Date of Award


Degree Type


Degree Name

Master of Arts in Religion (MAR)

First Advisor

Mark Frisius

Second Advisor

Carl M. Leth

Third Advisor

Robert Smith


The interactions between Christians and Muslims have long fascinated historians, theologians, and scholars from several other disciplines. In recent decades, a great deal of research has been directed towards the development of Islam in relation to the Byzantine Empire. Archeological studies have delivered fresh insight regarding the tolerance of Christianity by the early Muslims. Numismatic research has demonstrated a strong relation between the political tactics of Byzantium and the Islamic Caliphate. Careful scrutiny of primary texts has also suggested that the early Muslims were far more similar to Jews and Christians than has been previously allowed. This similarity conflates many religious practices, often blurring the view of neat, linear, cause-and-affect progressions.

The first intentional effort of Muslims to distinguish themselves from the other religious entities in the Levant occurs at the end of the seventh century, a period of years that curiously coincide with a particular theological incident. This incident was pioneered by a monk named Anastasios, who resided at the Monastery of St. Catherine at the base of Mt. Sinai. Until now, Anastasios’ work has primary been studied for its value in elucidating internal Christian dialogues and concerns. Some have also analyzed the references to Islam in the writings of Anastasios, but such efforts have been mostly peripheral.

This paper aims to reach a better understanding of the early Islamic interactions with Christianity by considering the specific theological implications of Anastasios’ work. One of the most extraordinary aspects of Anastasios’ work involves the usage of religious images (icons). Anastasios does not merely offer a modified theological argument in the mold of previous theologians, but pairs his convictions with an explicit call for a new breed of icons. These Crucifix icons are the first to depict Jesus as completely dead, and will be carefully studied in the following pages. After consideration of these icons, this paper will reach a climax in the corollary assessment of the Iconoclastic Controversy. In Byzantium, this controversy lasted from approximately 726 – 843, but was heralded by a slightly earlier controversy in the Islamic world. Although many scholars have attempted to delineate the relation between these iconoclastic movements, none have yet provided a thoroughly conclusive explanation.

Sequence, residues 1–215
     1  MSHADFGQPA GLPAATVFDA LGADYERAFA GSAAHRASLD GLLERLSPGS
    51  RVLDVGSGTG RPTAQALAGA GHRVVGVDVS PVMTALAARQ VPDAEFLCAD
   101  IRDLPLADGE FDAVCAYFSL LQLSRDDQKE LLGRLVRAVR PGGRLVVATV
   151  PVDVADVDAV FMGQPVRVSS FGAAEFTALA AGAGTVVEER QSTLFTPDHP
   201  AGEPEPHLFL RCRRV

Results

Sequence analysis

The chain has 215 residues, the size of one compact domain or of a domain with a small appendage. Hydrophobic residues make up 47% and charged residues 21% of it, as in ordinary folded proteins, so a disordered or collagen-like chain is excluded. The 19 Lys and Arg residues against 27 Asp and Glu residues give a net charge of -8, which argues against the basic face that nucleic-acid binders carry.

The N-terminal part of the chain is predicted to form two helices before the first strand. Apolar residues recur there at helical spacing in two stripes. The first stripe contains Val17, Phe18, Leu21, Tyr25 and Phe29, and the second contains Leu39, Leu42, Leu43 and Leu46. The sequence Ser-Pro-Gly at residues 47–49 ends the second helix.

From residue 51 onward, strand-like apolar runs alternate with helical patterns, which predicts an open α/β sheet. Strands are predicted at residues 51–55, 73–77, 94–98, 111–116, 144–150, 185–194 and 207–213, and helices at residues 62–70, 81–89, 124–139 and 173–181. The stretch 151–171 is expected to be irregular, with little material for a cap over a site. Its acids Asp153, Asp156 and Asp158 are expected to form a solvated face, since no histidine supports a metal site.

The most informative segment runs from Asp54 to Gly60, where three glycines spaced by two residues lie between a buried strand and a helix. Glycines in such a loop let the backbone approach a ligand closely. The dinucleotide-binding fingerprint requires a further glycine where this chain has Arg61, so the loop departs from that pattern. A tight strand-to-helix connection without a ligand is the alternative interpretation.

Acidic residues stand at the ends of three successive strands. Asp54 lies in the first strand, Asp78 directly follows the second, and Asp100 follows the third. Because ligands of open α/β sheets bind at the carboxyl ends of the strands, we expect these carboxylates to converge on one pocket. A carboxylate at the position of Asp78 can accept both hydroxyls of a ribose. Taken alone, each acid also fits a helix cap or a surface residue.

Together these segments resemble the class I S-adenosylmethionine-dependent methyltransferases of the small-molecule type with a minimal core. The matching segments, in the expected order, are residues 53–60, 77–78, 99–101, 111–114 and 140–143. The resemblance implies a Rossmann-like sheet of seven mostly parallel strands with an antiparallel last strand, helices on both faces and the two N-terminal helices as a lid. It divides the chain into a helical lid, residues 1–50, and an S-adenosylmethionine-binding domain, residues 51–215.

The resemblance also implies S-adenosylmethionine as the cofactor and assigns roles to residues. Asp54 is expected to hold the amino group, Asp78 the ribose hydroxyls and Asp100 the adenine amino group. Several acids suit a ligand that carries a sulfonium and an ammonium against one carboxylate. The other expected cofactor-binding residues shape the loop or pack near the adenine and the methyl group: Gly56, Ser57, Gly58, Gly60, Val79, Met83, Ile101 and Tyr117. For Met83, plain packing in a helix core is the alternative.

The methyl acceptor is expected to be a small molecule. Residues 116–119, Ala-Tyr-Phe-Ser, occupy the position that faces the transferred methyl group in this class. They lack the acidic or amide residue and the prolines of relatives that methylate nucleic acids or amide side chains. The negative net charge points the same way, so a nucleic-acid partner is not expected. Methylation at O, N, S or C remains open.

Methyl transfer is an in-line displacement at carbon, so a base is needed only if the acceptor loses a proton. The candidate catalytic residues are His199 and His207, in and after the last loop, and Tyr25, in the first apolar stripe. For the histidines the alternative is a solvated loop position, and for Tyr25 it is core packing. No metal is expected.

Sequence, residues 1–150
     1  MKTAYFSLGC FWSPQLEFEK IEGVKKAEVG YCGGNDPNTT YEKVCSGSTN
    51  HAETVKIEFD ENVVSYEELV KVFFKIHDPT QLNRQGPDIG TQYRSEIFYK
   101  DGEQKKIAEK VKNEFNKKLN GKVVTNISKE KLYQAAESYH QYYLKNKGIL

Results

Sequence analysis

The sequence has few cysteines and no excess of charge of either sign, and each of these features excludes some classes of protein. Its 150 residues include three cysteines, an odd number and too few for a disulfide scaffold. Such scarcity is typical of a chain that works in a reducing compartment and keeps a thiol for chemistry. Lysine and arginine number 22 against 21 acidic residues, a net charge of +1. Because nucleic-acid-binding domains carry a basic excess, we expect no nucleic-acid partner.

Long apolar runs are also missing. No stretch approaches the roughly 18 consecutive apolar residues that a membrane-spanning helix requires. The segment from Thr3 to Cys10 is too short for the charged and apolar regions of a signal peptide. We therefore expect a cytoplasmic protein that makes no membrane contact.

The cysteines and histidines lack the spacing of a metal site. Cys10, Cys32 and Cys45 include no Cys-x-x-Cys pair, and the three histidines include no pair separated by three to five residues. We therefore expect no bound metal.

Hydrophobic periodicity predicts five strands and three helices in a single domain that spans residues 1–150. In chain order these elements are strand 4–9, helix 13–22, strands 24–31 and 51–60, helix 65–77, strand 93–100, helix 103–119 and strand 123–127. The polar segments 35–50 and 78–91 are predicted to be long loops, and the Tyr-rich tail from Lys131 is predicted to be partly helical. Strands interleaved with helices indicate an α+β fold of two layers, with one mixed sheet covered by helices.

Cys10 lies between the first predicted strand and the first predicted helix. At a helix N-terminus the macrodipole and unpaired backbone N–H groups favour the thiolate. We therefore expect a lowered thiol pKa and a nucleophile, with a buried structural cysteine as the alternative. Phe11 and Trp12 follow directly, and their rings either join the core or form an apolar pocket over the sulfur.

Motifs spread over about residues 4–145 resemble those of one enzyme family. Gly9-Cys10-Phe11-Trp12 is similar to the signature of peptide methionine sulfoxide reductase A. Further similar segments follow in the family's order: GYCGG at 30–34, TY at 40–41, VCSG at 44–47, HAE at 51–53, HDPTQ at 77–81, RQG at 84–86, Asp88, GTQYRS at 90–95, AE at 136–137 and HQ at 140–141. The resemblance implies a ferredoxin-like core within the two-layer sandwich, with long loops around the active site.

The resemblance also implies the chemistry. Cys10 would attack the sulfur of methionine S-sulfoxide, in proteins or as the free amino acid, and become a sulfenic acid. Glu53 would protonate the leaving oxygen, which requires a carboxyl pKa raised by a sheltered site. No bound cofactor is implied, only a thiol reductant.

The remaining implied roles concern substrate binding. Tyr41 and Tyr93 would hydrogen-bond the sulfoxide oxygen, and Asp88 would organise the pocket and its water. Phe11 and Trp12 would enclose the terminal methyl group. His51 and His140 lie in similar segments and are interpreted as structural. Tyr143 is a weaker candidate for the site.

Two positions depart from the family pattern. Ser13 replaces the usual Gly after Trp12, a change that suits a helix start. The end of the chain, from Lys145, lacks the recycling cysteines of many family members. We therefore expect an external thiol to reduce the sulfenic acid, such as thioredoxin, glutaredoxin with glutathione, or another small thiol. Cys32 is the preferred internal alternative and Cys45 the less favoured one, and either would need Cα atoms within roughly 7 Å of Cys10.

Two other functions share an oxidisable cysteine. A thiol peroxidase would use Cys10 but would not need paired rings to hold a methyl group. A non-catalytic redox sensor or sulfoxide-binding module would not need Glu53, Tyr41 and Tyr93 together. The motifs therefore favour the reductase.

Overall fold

Here, an attempt will be made to present a plausible scenario for understanding the multifaceted features of the Iconoclastic Controversy. This will involve a considerable review of the theological debates that precede the Iconoclastic Controversy so that the controversy itself can be better apprehended. Likewise, a thorough survey of icons and their development will establish the backdrop against which Anastasios’ radical icons can be juxtaposed. In order to properly decipher the Islamic reactions toward Anastasios’ icons, a critical appraisal of Islam’s beginnings will also be conducted.

After an adequate contextual foundation has been laid, the specific work of Anastasios will be systematically discussed. As mentioned already, special focus will be given to the theological consequences of Anastasios’ work. It is vital to consider how Anastasios’ iconographical innovation was received by Muslims, but also by Monophysites and Chalcedonian Christians. During this process, several questions should be kept in mind: (1) What motivated Anastasios to depict what no other Christian artist had dared depict before him? (2) As a monk living under the rule of the Islamic Caliphate, how did Anastasios view the beliefs of his Muslim neighbors? (3) If Christians offended Muslims with their icons, why is it that much of Byzantium seems to react in the same way? In the course of considering Anastasios’ work, several persuasive answers to these questions will be proposed.

The final stage of this thesis will seek to determine the impact of Anastasios’ upon the immediate Christian posterity. Because the mandates of iconoclasm frequently demanded the destruction of icons, there is a noticeable dearth of pertinent artifacts available for scrutiny. Nonetheless, a glimpse of pristine iconographic thought during the Iconoclasm can be achieved due to the asylum that was provided by several monasteries in the Levant. These religious sanctuaries managed the exceptional feat of isolating monks from both their Islamic overlords and the more distant Byzantine authorities. The writings of John Damascene serve as an impeccable example of this phenomenon and also link his work to that of Anastasios. John, like all other Christian writers of history, was influenced by at least one specific theological legacy; by a stand of thinking that inspired him to adamantly oppose the emperor and many of his immediate Christian neighbors. This strand of thinking is of supreme importance, and although it feature multiple offshoots and divisions, it will be presented as a primary impetus of the Iconoclastic Controversy.


Submitted in partial fulfillment of the requirements for the degree of Master of Arts in Christian Thought in the School of Graduate and Continuing Studies, Olivet Nazarene University, 2015.